Buying a home
Conveyancing: What is it and how does it work?
3 June 2020
Navigating the sea of paperwork that follows finding your dream home can be overwhelming. That’s why many Aussies enlist the help of a conveyancer or solicitor.
What is conveyancing?
Conveyancing is the process of transferring legal ownership of a property. Conveyancers and property law solicitors can assist you with certain aspects of buying or selling a property.
Why employ a conveyancer or solicitor?
There’s a lot of work that goes into transferring the legal ownership of a property. And while a conveyancer or solicitor is not required, having one on your team can save you time and stress, especially if it’s your first time purchasing property.
A conveyancer or solicitor can help you to ensure necessary conveyancing steps are completed on-time so the settlement process runs as smoothly as possible. On top of this, a solicitor can help to make sure both you and the seller are complying with your legal obligations, and that your rights are adequately protected. Things can go wrong during the settlement process, so knowing someone has your back can provide great peace of mind.
How does conveyancing work?
There are broadly three phases in the conveyancing process: pre-contract, pre-completion and post-completion.
The pre-contract phase
Before you put an offer on a property, it can help to be in contact with a conveyancer or solicitor so they know your personal requirements or special conditions you may want to include in the contract. Finding a conveyancer or solicitor early on will also give you more time to choose one who’s right for you.
The pre-completion phase
This is the period between contract and settlement, and where most of the heavy lifting happens. Your conveyancer or solicitor can:
- assist with the preparation of documentation;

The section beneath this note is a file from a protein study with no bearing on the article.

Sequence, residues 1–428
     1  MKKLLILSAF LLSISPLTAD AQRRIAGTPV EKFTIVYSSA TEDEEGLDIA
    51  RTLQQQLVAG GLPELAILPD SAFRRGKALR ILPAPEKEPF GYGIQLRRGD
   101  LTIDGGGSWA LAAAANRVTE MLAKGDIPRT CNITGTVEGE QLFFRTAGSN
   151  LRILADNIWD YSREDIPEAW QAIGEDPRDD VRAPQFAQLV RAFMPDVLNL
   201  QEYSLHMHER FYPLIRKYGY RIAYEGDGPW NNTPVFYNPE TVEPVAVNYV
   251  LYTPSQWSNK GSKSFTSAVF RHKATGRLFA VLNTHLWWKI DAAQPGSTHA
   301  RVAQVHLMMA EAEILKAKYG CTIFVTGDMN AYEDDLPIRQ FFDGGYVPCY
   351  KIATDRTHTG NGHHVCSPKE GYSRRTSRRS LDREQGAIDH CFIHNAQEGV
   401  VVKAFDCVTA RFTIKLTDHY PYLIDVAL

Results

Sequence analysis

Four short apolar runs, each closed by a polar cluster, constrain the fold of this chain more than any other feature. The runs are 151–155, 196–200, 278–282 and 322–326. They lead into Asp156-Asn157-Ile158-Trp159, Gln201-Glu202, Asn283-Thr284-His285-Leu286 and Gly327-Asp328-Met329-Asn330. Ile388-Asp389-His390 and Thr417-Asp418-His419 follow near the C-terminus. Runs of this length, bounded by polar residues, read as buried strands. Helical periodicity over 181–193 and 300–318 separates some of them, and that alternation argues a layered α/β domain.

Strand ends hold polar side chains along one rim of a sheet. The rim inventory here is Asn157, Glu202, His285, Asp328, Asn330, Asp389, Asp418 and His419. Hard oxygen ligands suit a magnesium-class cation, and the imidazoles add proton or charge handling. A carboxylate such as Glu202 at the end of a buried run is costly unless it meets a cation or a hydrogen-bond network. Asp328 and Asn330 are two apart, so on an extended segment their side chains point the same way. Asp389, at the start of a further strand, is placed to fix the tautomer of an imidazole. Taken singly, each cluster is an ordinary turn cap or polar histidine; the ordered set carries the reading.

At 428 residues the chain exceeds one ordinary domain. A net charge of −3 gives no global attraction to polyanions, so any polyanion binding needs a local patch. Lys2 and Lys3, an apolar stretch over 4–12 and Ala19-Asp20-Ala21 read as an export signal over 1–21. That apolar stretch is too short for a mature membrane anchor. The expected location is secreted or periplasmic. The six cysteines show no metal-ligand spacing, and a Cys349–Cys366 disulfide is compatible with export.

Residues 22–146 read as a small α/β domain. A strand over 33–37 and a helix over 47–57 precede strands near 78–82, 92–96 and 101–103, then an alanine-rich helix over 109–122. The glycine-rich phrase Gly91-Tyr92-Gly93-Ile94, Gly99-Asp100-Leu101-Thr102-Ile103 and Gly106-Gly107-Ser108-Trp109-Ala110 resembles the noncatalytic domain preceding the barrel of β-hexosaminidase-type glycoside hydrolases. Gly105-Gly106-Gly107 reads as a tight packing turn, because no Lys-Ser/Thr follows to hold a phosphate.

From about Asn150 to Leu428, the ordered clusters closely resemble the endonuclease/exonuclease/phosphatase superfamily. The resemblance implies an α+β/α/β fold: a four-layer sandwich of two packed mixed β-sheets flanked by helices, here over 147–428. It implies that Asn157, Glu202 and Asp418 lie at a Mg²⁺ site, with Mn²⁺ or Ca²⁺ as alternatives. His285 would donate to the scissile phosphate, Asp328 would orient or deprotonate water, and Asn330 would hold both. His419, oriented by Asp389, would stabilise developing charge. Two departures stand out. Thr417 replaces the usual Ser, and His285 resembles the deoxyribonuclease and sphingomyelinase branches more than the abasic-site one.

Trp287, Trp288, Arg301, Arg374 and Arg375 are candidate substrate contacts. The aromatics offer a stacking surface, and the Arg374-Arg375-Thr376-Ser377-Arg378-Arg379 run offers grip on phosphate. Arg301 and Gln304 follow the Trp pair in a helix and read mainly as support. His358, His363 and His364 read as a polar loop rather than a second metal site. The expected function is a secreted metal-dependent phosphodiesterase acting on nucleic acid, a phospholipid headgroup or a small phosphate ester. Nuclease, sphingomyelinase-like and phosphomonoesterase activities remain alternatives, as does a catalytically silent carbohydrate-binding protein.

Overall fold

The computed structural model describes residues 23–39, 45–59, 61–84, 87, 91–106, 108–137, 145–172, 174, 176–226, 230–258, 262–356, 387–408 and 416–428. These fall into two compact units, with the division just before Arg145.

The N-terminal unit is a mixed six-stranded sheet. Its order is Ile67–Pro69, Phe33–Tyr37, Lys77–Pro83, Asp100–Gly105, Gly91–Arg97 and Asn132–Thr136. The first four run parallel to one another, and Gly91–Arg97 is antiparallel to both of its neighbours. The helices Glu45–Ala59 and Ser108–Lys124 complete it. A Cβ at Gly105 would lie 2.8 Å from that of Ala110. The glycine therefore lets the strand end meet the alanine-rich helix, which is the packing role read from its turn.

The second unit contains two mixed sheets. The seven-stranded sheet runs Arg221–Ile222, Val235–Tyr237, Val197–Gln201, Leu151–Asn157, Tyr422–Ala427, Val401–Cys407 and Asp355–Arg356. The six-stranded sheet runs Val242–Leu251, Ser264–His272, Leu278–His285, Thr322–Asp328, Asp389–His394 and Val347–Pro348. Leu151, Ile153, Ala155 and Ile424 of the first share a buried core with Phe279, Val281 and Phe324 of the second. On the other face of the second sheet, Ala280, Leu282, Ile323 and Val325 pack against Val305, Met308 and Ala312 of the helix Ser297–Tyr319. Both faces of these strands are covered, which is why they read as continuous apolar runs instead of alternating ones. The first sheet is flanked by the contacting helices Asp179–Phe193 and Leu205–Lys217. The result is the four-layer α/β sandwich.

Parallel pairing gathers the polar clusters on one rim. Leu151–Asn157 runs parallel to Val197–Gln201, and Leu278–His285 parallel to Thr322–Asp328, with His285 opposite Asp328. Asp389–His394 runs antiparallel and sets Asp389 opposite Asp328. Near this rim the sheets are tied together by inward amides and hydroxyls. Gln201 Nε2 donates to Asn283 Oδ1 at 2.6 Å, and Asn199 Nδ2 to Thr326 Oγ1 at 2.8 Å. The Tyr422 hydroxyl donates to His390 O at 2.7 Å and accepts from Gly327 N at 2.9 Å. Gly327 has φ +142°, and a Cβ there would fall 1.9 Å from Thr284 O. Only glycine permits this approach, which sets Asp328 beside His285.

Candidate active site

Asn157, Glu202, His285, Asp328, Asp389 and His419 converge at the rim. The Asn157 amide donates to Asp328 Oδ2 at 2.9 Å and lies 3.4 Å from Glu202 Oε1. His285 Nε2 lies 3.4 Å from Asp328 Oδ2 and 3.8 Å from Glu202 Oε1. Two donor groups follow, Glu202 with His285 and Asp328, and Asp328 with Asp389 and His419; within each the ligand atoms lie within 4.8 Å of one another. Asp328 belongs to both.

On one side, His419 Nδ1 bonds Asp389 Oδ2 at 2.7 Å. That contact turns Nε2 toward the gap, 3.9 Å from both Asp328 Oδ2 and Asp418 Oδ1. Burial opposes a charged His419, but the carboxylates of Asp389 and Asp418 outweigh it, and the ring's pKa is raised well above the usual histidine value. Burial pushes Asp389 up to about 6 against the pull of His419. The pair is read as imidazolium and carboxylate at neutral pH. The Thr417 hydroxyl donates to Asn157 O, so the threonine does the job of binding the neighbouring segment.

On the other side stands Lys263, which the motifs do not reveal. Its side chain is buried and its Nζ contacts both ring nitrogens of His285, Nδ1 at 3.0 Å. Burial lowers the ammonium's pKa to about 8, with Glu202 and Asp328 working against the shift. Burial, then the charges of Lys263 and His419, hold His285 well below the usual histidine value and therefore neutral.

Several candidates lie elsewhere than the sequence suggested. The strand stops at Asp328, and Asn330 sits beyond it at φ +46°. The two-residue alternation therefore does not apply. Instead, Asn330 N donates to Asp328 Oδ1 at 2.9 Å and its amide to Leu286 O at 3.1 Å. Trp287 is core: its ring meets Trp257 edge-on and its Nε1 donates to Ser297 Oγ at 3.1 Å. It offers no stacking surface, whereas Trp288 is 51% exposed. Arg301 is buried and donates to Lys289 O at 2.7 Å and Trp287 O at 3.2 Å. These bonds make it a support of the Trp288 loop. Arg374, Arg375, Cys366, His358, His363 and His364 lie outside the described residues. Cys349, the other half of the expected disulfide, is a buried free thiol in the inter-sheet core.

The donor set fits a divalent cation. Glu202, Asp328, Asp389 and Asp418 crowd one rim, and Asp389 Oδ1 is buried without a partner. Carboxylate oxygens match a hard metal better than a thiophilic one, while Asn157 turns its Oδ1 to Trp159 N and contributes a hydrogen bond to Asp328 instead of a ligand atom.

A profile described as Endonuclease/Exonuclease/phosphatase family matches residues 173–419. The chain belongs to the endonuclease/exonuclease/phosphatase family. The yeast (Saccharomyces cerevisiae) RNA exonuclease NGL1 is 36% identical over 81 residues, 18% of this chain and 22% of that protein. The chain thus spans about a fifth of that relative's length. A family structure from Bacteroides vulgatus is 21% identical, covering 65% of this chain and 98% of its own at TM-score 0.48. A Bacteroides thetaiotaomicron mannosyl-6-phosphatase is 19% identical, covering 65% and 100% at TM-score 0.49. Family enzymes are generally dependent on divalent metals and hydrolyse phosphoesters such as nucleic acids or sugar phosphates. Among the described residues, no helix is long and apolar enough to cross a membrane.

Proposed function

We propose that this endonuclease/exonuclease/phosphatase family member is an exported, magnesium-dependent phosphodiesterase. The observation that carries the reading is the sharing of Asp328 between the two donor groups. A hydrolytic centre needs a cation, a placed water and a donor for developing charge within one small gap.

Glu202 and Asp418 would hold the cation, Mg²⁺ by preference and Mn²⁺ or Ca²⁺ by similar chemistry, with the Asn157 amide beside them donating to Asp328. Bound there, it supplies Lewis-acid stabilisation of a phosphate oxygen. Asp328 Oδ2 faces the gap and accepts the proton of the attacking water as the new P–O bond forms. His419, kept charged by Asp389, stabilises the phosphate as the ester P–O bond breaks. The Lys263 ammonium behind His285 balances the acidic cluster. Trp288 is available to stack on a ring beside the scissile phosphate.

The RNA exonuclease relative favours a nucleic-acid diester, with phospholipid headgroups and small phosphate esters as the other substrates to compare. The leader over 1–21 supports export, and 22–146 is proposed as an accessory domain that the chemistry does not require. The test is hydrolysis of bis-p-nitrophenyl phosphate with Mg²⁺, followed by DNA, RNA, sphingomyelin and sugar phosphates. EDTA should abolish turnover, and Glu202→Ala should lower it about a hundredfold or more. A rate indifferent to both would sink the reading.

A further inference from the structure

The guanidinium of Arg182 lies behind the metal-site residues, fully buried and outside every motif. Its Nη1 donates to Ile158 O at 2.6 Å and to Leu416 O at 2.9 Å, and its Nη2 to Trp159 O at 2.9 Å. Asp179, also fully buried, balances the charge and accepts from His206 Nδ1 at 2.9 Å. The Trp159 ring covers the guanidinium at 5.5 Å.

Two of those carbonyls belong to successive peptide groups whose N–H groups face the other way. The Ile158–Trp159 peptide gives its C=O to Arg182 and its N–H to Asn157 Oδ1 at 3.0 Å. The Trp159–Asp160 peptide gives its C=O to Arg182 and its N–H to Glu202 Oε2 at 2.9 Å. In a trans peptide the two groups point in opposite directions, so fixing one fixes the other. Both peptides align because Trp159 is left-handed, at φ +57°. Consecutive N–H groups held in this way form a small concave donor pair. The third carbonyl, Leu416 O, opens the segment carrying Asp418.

- conduct due diligence on the property;
- ensure the deposit money is held in a trust account;
- calculate adjustments (including adjustments for rates and taxes); and
- arrange a time and place for settlement.
The length of this period varies by State or Territory and specific settlement periods can be agreed between the buyer and the seller.
The post-completion phase
After settlement, your conveyancer or solicitor can assist you with post-settlement processes, which may include the registration of transfer documentation. If you’re purchasing the property using money from a loan, your bank is likely to do this for you, though you’ll need to provide funds to cover registration fees.
How to find a good conveyancer
A good place to start is asking friends, family or your real estate agent for recommendations. If nothing comes from this, turn to the internet. Read reviews, and once you’ve narrowed your search down to around three conveyancers or solicitors, give them a call and ask questions about:
- what type of property they specialise in,
- their fees and charges,
- how and when they’ll communicate with you, and
- if they’re a member of the Australian Institute of Conveyancers.
Your conveyancer can be a great source of information. It’s easy to get lost in property law lingo, so it’s important you find one who takes the time to explain things to you, and you’re comfortable asking questions of. For further home buying tips and ideas, check out our Home Buying Guide.
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